|Legislators, regulators and gaming interests from around the USA will meet in Newport, RI, this weekend to discuss issues surrounding legalized gambling. They include tribal-state relations, the growth of video-lottery terminals, casino legislation and federal efforts to minimize the spread of Internet gambling.|
'The state of gambling three years ago and today are just not that close,' said Florida state Sen. Steve Geller, president of the National Council of Legislators from Gaming States. 'Budget crises have dramatically altered what in many cases have been long-standing relationships' between gambling interests and states.
Rhode Island could serve as a case study for the eight-year-old council, which has members from 12 states.
In 1992, gambling money made up just 1.4 percent of Rhode Island's general budget and was the 13th largest source of revenue. This fiscal year, the budget counts on $302 million in gaming revenues — nearly 11 percent of general revenues.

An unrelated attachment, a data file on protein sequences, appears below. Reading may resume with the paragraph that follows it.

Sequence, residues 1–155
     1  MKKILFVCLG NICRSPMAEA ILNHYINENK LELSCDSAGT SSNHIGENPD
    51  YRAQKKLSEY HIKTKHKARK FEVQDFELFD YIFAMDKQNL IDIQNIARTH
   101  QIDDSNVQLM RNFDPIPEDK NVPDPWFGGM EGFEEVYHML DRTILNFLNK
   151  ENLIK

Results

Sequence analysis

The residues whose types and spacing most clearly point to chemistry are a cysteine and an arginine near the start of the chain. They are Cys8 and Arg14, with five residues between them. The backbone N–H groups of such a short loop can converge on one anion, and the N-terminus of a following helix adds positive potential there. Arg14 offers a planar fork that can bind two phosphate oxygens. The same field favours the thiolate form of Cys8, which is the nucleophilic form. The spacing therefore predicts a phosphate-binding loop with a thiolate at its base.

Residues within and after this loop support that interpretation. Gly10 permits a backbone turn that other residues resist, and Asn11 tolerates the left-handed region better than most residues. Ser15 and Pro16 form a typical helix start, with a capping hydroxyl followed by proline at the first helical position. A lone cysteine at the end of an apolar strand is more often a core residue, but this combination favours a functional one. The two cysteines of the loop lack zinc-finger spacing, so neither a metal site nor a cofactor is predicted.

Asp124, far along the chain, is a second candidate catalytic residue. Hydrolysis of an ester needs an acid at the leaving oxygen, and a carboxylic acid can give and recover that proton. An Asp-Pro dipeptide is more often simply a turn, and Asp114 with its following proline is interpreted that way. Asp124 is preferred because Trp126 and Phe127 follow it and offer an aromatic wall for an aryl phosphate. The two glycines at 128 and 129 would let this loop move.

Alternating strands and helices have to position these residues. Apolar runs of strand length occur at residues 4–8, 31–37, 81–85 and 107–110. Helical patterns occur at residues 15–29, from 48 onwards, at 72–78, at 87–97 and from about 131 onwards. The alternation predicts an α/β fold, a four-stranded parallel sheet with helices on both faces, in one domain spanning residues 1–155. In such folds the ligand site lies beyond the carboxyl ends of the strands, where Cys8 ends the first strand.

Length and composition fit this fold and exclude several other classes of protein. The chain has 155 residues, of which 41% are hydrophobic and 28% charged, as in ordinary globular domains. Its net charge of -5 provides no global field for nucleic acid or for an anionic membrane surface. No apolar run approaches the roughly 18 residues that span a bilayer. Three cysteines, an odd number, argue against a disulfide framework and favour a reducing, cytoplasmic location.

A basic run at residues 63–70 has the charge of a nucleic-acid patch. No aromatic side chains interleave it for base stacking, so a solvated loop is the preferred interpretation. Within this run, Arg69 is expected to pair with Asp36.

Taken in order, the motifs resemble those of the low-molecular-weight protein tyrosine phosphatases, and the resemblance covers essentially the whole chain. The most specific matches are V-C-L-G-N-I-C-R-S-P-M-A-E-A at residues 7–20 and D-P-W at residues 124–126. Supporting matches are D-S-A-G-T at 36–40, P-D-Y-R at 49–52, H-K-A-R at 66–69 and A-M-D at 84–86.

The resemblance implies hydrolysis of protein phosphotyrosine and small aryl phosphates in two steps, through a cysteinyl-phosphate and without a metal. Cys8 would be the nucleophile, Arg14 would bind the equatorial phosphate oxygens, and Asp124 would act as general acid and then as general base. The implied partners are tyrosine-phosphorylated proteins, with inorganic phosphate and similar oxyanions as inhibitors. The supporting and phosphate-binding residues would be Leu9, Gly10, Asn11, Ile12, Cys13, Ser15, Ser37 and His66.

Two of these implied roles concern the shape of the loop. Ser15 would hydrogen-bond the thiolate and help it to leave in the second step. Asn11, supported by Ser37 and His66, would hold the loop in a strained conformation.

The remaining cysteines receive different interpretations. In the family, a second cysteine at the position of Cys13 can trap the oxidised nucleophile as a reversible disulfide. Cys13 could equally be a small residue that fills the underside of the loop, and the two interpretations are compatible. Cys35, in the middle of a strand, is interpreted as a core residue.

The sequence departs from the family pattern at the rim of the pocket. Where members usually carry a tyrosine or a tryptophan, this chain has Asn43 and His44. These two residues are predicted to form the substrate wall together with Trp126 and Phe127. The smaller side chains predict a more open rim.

The state this year responded to declining tax collections by increasing its share of the profits from its two video-lottery-terminal operators. Lawmakers, meanwhile, wrestled with legislation that would ask voters whether they want to allow a casino in Rhode Island. Gambling revenues have helped Rhode Island avert deep cuts in government services, though some worry the state may be too reliant on gambling.
Seventeen of 19 states that this year considered adding slot or video lottery machines at racetracks opposed the proposals or took no action, he said. Maine and Colorado will put the question to voters later this year.
Proponents say so much interest shows states are increasingly turning to gambling.
The non-profit council includes members from Alabama, California, Connecticut, Delaware, Florida, Georgia, Kansas, Michigan, Missouri, Pennsylvania, Rhode Island and Texas.